The only public file the Global Times could find is a reply sent to the Guangdong Higher People's Court by the SPC in 1982, which stated foreigners need to obtain approval from both the regional foreign affairs office and an upper level court to attend a hearing of a case in which all parties are Chinese. It said the courts need to "choose cautiously" which cases are opened to them.

"The courts usually select hearing attendees they favor, they don't choose in a random way," Gao said. "Such practice fails to uphold the people's equality before the law."

In addition, if more ordinary people and foreigners attend hearings, their observations and how they report on trials will be more comprehensive and convincing, he added.

Experience reality 

In many foreign countries, citizens and foreign nationals can walk into courts and attend public hearings freely. Xu Xin, a law professor at the Beijing Institute of Technology, who has been calling for the abolishment of mandatory identification checks for those who wish to enter courtrooms, recently attended several hearings in Tokyo.

He said anybody, no matter their nationality or age can enter Japanese court buildings without showing identification. And they can walk into any courtroom during a public trial.

Gao said courts in the US, UK and Hong Kong Special Administrative Region also don't check people's identification before they enter either.

Pelzer said in Germany, foreign citizens can attend all hearings that German citizens are allowed to attend. "Under German law, it would be illegal and considered unconstitutional discrimination to deny foreigners access to courts," he said.

Some courts in China have gradually started to make changes.

The Sichuan Higher People's Court recently allowed several foreign diplomats and reporters to attend the hearings of the retrial of Li Yan, a domestic violence victim who killed her husband in 2010 and was sentenced to death in previous trials.

"We were pleasantly surprised when the Sichuan Higher Court called the EU delegation to inform us that we were allowed to observe this verdict hearing. Colleagues from France and Germany were also present," said Droszewski who attended the verdict hearing in April.

Didi Kirsten Tatlow, correspondent for The New York Times' Beijing Bureau, and a photographer, made it into a retrial hearing in November after making many telephone calls and sending faxes to different people in the provincial justice and foreign affairs departments over several weeks.

"In many years reporting from China I have tried many times to get comment from justice officials on trials or enquired about attending trials, but have never succeeded. The trial of Li Yan was the first time I gained entry in more than a decade of work here," she told the Global Times in an e-mail interview.

Tatlow said the experience has increased her understanding of the challenges Chinese courts face. Outside the courtroom, she was manhandled and verbally abused by the family of the man Li Yan killed. In the courtroom, they shouted obscenities and even threw shoes at Li Yan's lawyer.

"It is important to let foreign journalists experience what trials are really like in China, how they can be verbally and physically violent, and not to sanitize the experience. This too increases mutual understanding. China has many different kinds of challenges to building a good justice system, and greater openness will help," she said.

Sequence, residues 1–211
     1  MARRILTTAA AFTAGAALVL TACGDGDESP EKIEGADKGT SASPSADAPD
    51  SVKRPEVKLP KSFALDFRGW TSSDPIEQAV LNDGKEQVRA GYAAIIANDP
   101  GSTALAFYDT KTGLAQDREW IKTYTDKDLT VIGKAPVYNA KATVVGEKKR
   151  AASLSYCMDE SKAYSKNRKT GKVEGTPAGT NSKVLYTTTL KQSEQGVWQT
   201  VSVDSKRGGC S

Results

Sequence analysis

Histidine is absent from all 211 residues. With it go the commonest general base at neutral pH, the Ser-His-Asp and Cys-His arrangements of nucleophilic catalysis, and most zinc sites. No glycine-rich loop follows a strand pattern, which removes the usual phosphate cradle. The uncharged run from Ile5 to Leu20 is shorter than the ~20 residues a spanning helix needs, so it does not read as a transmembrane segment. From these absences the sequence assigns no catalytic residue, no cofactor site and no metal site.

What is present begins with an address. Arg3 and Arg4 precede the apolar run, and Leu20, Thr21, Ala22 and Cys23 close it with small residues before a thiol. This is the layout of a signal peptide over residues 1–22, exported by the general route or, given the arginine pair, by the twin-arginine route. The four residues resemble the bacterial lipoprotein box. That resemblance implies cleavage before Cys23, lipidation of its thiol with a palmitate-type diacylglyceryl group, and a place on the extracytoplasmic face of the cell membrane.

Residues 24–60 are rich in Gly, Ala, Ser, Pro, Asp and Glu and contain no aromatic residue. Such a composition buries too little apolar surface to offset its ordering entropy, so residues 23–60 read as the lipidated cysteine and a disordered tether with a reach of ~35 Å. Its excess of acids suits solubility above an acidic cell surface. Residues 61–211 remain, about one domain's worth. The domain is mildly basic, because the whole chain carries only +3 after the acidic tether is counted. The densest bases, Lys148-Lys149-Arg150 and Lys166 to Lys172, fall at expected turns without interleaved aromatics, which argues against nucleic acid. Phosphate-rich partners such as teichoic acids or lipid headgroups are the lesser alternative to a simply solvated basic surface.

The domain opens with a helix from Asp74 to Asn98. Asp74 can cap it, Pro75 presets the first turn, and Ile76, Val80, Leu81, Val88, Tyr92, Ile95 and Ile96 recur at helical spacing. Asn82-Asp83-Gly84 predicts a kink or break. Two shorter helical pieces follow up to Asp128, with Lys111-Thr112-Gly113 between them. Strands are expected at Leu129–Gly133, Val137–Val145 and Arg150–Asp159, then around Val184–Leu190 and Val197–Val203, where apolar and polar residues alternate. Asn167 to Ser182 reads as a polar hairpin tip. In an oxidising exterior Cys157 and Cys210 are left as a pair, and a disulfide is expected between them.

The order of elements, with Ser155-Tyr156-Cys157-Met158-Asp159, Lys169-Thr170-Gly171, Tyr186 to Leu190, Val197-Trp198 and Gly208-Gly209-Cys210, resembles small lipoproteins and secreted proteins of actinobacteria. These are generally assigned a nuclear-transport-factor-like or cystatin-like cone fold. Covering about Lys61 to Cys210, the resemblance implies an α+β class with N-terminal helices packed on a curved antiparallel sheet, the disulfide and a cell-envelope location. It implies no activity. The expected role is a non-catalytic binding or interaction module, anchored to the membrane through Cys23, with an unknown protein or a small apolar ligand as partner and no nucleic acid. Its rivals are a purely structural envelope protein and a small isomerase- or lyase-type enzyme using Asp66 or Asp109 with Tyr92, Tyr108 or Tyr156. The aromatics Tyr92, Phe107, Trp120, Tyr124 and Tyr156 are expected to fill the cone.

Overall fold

Worries about openness

According to media reports, some foreign diplomats have claimed that Chinese courts have rejected their requests to observe high-profile trials including the Bo Xilai case and hearings related to the July 5 riot in Urumqi,  Xinjiang Uyghur Autonomous Region.

There are some worries among officials that opening these politically sensitive cases to foreign observation might risk leaking State secrets, defaming the country or arousing accusations.

Gao says that as long as trials are open to the public, there is no legal basis to exclude foreign from such hearings.

SPC regulations require all trials to be open to the public, except cases involving State secrets, privacy issues, minors or commercial secrets.

Pelzer said he understands Chinese officials' concerns, but he believes that openness can also be a sign of the strength of a country and its legal system. "I think everybody would profit from a more open system. Westerners would have more confidence in the Chinese legal system, and Chinese judges would realize that they bear comparison to their Western counterparts."

Gao argues that the main reason that Chinese courts are reluctant to be more open to the public is backward legal concepts. "Some judges and officials are arrogant; they value their status and power much more than the law. They are used to using political means to solve problems instead of the rule of law."

Jiang Huiling, vice director of the SPC's judicial reform office, has called on the courts to change their attitudes and enforce a more open trial observation system. He wrote in a commentary published in Caijing Magazine in 2013 that the courts usually create barriers, not convenience, for people to join hearings.

In July, an SPC official said at a press conference they plan to launch detailed measures for allowing foreigners to attend courtroom hearings later this year.

"That is wonderful news. I hope that court proceedings will be as open as possible. This would also help the court system as a whole to strengthen its position and also increase its reputation," Pelzer said.

Newspaper headline: Courts on trial

Posted in: In-Depth